All four reports are automatically created, updated and published based on your preferences and needs. They can be scheduled to complete at any frequency you see fit – daily, weekly, monthly, etc., but are also available on-demand with a single-click. This means that if management or an auditor ever wants the latest, you can hand them real-time, up-to-date documentation without the laborious, time-consuming and error-prone edits. You can even automate this step if you like by subscribing specific stakeholders or mailboxes to the reports relevant to them.
All four reports available with Veeam Availability Orchestrator ship in a default template format. This template may be used as-is, however, it is recommended to clone it (as the default template is not editable) and customize to your organization’s specific needs. Customization is key, as no two organizations are alike, and neither are their disaster recovery plans. You can include anything you like in your documentation, from logos, application owners, disaster recovery stakeholders and their contact information. Even all the 24-hour food delivery services in the area for when things might go wrong, and the team needs to get through the night. You name it, you can customize and include it.
Built-in change tracking
One of the most difficult things to stay on top of with disaster recovery planning is how quickly and dramatically environments can change. In fact, uncaptured changes are one of the most common causes behind disaster recovery failure. Plan definition reports conveniently contain a section titled “plan change log” that detail any edits to the plan’s configuration, whether by automation or manual changes. This affords you the ability to track things like who changed plan settings, when it was changed, and what was changed so that you can preemptively understand if a change was made correctly or in error, and account for it before a disaster happens.
Proactive error detection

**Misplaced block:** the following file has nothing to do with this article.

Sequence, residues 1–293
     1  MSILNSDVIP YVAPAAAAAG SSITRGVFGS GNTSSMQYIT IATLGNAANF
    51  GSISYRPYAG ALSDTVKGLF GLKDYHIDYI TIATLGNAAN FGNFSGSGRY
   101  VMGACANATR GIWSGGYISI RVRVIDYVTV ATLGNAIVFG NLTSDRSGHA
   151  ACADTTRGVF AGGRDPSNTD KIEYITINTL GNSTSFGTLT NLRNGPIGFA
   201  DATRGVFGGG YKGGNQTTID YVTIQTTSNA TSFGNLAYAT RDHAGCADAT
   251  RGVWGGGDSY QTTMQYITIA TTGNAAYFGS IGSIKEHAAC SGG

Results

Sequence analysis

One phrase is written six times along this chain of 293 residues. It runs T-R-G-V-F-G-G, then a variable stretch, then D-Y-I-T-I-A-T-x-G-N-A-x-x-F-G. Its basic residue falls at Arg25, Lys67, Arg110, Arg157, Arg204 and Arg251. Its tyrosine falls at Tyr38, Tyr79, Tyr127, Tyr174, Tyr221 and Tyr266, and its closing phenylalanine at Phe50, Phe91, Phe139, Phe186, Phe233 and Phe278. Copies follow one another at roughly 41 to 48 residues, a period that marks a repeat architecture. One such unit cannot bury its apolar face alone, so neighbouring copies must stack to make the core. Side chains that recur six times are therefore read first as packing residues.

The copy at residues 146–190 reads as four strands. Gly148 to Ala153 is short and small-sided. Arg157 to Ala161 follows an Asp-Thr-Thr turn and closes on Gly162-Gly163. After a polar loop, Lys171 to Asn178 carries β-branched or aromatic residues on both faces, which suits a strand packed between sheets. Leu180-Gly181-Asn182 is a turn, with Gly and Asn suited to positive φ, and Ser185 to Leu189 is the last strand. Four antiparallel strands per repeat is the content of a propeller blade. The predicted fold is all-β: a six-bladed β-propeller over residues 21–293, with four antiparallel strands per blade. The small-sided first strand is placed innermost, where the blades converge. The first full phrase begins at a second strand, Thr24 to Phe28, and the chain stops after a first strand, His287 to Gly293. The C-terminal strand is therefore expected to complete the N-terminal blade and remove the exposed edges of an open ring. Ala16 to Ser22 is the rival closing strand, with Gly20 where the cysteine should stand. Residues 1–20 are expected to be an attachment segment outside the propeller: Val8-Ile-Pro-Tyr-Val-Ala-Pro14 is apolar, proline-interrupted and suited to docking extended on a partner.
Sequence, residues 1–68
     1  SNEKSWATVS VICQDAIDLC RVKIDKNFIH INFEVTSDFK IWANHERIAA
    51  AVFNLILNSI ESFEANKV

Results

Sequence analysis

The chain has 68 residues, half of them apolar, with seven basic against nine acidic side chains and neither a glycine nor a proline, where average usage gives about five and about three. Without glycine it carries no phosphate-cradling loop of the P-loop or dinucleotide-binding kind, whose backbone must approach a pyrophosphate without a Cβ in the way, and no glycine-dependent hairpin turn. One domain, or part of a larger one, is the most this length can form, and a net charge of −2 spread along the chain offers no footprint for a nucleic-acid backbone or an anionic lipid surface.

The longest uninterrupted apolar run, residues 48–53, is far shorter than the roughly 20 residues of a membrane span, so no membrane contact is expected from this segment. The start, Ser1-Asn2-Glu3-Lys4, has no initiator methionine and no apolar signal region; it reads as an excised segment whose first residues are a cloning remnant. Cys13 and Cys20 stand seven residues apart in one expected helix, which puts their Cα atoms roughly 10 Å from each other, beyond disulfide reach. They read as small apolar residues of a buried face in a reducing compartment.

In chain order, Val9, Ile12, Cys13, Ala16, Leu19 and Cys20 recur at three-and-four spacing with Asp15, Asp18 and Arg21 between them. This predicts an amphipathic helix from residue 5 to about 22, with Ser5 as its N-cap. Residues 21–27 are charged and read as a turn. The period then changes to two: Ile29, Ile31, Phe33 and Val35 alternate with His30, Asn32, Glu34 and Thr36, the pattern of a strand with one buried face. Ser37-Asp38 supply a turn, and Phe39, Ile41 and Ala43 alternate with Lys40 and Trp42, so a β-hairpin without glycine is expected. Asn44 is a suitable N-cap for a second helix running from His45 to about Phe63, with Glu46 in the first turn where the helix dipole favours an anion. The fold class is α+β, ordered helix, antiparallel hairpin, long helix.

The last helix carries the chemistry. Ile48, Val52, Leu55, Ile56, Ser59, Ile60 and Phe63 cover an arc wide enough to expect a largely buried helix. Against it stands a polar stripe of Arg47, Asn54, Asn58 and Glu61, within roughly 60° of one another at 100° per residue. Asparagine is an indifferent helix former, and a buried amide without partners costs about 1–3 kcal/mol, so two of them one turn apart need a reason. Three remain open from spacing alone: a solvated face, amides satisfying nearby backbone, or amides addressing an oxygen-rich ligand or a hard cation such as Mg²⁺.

The actionable information available in both readiness check and test execution reports enable you to eradicate risk to your disaster recovery plan’s viability and reliability. By knowing what will and what will not work ahead of time (e.g. a recovery that takes too long or a VM replica that has not been powered down post-test), you’re able to identify and proactively remediate any plans errors that occur before disaster. This in turn delivers confidence to you and your organization that you will be successful in a real-world event. Luckily in the screenshot below, everything succeeded in my test.
Understanding compliance requirements laid out by your organization or an external regulatory body is one thing. Assuring that those compliance requirements have been met today and in the past when undergoing a disaster recovery audit is another, and failure to do so can be a costly repercussion. Veeam Availability Orchestrator’s reports enables you to prove that your plan can meet measures like maximum acceptable outage (MAO) or recovery point objectives (RPO), whether they’re defined by governing bodies like SOX, HIPAA, SEC, or an internal SLA regulation.
If you’d like to learn more about how Veeam Availability Orchestrator can help you meet your disaster recovery documentation needs and more, schedule a demo with your Veeam representative, or download the 30-day FREE trial today. It contains everything you need to get started, even if you’re not currently a Veeam Backup & Replication user.
The post Disaster recovery plan documentation with Veeam Availability Orchestrator appeared first on Veeam Software Official Blog.